Midsummer, too, was a lovers’ festival. Lovers clasped hands over the bonfire, tossed flowers across to each other, leaped the flames together. Those who wanted lovers performed love divination. In Scandinavia, girls laid bunches of flowers under their pillows on Midsummer Eve to induce dreams of love and ensure them coming true. In England, it was said if an unmarried girl fasted on Midsummer Eve and at midnight set her table with a clean cloth, bread, cheese and ale, then left her yard door open and waited, the boy she would marry, or his spirit, would come in and feast with her.
Magick crowns Midsummer. Divining rods cut on this night are more infallible, dreams more likely to come true. Dew gathered Midsummer Eve restores sight. Fern, which confers invisibility, was said to bloom at midnight on Midsummer Eve and is best picked then. Indeed, any magickal plants plucked on Midsummer Eve at midnight are doubly efficacious and keep better. You’d pick certain magickal herbs, namely St. Johnswort, hawkweed, vervain, orpine, mullein, wormwood and mistletoe, at midnight on Midsummer Eve or noon Midsummer Day, to use as a charm to protect your house from fire and lightning, your family from disease, negative witchcraft and disaster. A pagan gardener might consider cultivating some or all of these; it’s not too late to buy at herb-oriented nurseries. Whichever of these herbs you find, a gentle snip into a cloth, a spell whispered over, and you have a charm you can consecrate in the height of the sun.
In northern Europe, the Wild Hunt was often seen on Midsummer Eve, hallooing in the sky, in some districts led by Cernunnos. Midsummer’s Night by European tradition is a fairies’ night, and a witches’ night too. Rhiannon Ryall writes in West Country Wicca that her coven, employing rites said to be handed down for centuries in England’s West Country, would on Midsummer Eve decorate their symbols of the God and Goddess with flowers, yellow for the God, white for the Goddess. The coven that night would draw down the moon into their high priestess, and at sunrise draw down the sun into their high priest. The priest and priestess then celebrated the Great Rite, known to the coven as the Rite of Joining or the Crossing Rite.
Some of Ryall’s elders called this ritual the Ridencrux Rite. They told how formerly in times of bad harvest or unseasonable weather, the High Priestess on the nights between the new and full moon would go to the nearest crossroads, wait for the first stranger traveling in the district. About this stranger the coven had done ritual beforehand, to ensure he embodied the God. The high priestess performed the Great Rite with him to make the next season’s sowing successful.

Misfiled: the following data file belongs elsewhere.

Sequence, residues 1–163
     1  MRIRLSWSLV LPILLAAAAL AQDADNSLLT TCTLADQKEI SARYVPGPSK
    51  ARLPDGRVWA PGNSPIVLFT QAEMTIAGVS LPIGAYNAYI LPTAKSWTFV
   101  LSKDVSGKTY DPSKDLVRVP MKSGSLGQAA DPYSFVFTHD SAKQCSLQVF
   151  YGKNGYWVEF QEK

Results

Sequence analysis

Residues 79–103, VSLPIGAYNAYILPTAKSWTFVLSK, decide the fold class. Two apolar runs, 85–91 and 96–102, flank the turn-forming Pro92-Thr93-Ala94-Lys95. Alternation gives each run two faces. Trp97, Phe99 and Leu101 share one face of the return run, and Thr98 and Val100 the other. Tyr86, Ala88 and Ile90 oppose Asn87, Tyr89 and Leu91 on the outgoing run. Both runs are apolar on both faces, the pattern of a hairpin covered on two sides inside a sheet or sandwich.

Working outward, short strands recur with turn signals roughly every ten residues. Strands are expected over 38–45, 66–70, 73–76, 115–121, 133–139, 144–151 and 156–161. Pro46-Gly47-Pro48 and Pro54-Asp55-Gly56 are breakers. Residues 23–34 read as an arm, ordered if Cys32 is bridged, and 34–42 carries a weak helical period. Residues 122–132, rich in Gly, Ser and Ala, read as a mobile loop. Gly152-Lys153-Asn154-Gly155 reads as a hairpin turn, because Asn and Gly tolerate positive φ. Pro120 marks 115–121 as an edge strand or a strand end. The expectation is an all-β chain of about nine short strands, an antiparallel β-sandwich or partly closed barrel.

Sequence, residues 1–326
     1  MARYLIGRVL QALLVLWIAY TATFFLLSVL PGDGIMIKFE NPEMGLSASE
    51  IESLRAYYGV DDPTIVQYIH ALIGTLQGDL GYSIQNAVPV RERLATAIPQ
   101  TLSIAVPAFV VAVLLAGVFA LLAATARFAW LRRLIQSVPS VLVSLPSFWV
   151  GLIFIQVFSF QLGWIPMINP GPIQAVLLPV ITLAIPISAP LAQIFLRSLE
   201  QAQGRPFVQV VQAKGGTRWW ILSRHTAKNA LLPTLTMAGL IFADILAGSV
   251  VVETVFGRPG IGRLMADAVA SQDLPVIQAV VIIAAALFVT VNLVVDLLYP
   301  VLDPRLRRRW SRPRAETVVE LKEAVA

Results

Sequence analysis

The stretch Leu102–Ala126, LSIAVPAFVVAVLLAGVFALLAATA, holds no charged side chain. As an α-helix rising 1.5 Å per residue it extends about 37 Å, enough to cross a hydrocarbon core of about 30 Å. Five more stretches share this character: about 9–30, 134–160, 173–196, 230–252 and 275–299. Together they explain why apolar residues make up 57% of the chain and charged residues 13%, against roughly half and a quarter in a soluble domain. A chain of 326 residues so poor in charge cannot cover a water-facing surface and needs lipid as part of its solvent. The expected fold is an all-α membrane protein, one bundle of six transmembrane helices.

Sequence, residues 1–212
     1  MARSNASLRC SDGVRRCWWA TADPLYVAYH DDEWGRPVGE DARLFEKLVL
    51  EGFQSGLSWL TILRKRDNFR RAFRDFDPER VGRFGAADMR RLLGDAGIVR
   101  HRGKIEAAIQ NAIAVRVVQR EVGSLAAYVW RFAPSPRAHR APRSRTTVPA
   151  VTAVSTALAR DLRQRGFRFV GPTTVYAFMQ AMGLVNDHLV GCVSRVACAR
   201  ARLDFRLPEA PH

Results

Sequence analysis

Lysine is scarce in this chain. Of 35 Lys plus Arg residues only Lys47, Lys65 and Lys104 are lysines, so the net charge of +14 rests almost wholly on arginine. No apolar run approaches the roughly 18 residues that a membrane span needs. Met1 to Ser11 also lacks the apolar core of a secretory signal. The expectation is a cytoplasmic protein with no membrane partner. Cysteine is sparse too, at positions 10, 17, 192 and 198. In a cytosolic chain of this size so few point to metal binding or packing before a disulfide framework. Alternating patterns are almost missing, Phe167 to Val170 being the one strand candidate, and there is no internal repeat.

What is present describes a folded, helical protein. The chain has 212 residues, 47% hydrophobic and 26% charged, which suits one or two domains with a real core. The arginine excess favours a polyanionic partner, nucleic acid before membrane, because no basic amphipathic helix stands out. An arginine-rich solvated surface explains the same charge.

In the Middle Ages in Europe, traces of witchcraft and pagan remembrances were often linked with Midsummer. In Southern Estonia, Lutheran Church workers found a cottar’s wife accepting sacrifices on Midsummer Day, Juhan Kahk writes in Early Modern European Witchcraft: Centres and Peripheries, edited by Bengt Ankarloo and Gustave Henningsen. Likewise, on
Midsummer Night in 1667, in Estonia’s Maarja-Magdaleena parish, peasants met at the country manor of Colonel Griefenspeer to perform a ritual to cure illnesses.
In Denmark, writes Jens Christian V. Johansen in another Early Modern European Witchcraft chapter, medieval witches were said to gather on Midsummer Day, and in Ribe on Midsummer Night. Inquisitors in the Middle Ages often said witches met on Corpus Christi, which some years fell close to Midsummer Eve, according to Witchcraft in the Middle Ages, by Jeffrey Burton Russell. The inquisitors explained witches chose the date to mock a central Christian festival, but Corpus Christi is no more important than a number of other Christian holidays, and it falls near a day traditionally associated with pagan worship. Coincidence? Probably not.
Anciently, pagans and witches hallowed Midsummer. Some burned for their right to observe their rites; we need not. But we can remember the past. In solidarity with those burned, we can collect our herbs at midnight; we can burn our bonfires and hail the sun. – By Melanie Fire Salamander and GrannyMoon’s Morning Feast Archives
Silliness – Late Night Funny – Ferrari just debuted a new muscle car that can go from zero to 124 miles per hour in under nine seconds. Drivers here in L.A. said, “How fast can it go from zero to 3 miles an hour? Because that’s really as fast as you can go here.” – Jimmy Fallon